WITH the Government imposing a new movement control order (MCO) to contain the spread of COVID-19, a health expert has urged everyone to keep their expectations reasonable as the scenario is different now.
“We cannot expect MCO 3.0 to have the same effect as MCO 1.0. During the first lockdown, we were not sure on how to deal with the pandemic. So, everything was shut down and gradually reopened as the infection rate went down.
“But now, we have learnt much from our first attempt. Plus, MCO 3.0 is different as much of the economic sectors are still open. The impact will be different,” International Islamic University Malaysia (UIAM) Faculty of Medicine, Epidemiology, Professor Dr Jamalludin AB Rahman told FocusM.
Yesterday, Prime Minister Tan Sri Muhyiddin Yassin announced that the Government would impose MCO across Malaysia, from May 12 until June 7.
He made the decision after chairing the National Security Council (NSC) meeting yesterday. It was a sharp reversal from his earlier stand that he would not impose a countrywide lockdown anymore.
However, Muhyiddin said that all economic sectors will be allowed to operate, under strict standard operating procedure (SOP).
Jamalludin agreed with the Government’s decision, saying that the healthcare sector is currently overwhelmed and frontliners needed a breather from the rising number of infections.
“Previously, the public was also confused as the SOP differed from one place to another, depending on the nature of the lockdown at their areas.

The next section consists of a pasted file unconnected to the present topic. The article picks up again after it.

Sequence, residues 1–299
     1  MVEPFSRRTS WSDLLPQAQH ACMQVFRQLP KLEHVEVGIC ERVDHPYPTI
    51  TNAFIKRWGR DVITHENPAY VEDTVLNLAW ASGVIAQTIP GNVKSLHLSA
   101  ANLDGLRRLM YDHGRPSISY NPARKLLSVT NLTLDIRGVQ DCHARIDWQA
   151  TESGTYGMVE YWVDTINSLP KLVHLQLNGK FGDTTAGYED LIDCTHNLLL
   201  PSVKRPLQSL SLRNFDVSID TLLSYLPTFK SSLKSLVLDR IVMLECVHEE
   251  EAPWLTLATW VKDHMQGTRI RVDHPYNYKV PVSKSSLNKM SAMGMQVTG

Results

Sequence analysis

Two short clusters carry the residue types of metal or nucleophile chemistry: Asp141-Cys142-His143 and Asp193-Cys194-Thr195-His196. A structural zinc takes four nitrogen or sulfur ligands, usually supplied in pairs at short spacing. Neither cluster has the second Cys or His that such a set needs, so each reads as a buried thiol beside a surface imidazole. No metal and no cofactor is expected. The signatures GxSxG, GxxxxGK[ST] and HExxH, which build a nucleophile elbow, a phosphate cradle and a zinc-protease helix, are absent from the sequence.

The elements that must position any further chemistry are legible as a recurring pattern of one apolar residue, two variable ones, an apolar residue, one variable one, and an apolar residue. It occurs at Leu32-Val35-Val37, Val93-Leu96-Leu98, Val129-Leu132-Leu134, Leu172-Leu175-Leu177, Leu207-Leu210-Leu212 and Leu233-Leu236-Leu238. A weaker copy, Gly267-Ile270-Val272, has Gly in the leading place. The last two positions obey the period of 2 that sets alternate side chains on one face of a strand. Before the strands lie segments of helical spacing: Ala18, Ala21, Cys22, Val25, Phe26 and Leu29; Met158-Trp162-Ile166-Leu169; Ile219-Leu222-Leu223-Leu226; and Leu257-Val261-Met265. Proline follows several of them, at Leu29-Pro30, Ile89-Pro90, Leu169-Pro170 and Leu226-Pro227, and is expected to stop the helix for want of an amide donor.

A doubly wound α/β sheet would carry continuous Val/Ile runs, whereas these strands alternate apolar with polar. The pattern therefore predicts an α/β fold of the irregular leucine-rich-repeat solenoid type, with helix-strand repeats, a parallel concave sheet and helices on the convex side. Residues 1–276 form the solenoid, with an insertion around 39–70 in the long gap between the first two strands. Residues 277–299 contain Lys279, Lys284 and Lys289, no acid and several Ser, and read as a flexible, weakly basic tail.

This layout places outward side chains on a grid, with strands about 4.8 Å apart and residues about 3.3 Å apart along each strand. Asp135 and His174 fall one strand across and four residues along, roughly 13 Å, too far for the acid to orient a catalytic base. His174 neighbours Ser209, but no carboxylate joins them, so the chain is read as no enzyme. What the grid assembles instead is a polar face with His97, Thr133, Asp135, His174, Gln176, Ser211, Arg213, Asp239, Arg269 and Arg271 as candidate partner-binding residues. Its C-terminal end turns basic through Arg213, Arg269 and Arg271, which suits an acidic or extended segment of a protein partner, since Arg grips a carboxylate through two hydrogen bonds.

“Now, it’s standard across the board and no more confusions. However. I wish to reiterate that we cannot compare this MCO with the first one. The details are not the same so we must adjust our expectations accordingly,” he opined.
On that note, Jamalludin urged the Government to embark on two issues; which are on why the Conditional and Enhanced MCOs did not achieve the desired results and how to move forward in the years to come.
For the first issue, the health expert said it was important for the Government to review its targetted lockdown methods as Malaysia cannot afford to go under nationwide MCO constantly.
“Why did it fail? We must study them. For example, China also imposes targetted lockdowns but they are very strict, so much so, that no one is permitted to enter or leave the designated areas.
No more double standards, please
On moving forward, Jamalludin stressed the need to achieve herd immunity, by vaccinating at least 60% of the population.
He added many nations have drafted a long-term plan to recovery, as some indicate that COVID-19 will only come to a “manageable level” by second quarter of next year.
“For example, we need to make plans on how to move forward if things get better and how to move if COVID-19 is still around.
“And let the public know of the plans to help us go about it. It will also reduce the trust deficit between the Government and public,” Jamalludin stressed.
He also reminded the public not to compare Malaysia’s COVID-19 situation to other nations, as each country is going through its own unique challenges in dealing with the unprecedented situation.
“In fact, we cannot even compare ourselves with Thailand and Indonesia. There is no one formula that can be applied across the board when it comes to dealing with COVID-19,” he added.
On related matter, Malaysian Public Health Physicians Association president Datuk Dr Zainal Ariffin Omar lauded the Government’s move, although some may disagree with it.
He also said Malaysia faltered in dealing with COVID-19 following the success of MCO 1.0, and learnt little from its second and third waves.
“I hope this time, the Government will be strict on SOP compliance. No more double standards. Reduce rhetoric, being apologetic and all that.
“The Government should also restrategise our pandemic management by roping in experts from outside the system,” Zainal remarked, in a Facebook post. – May 11, 2021.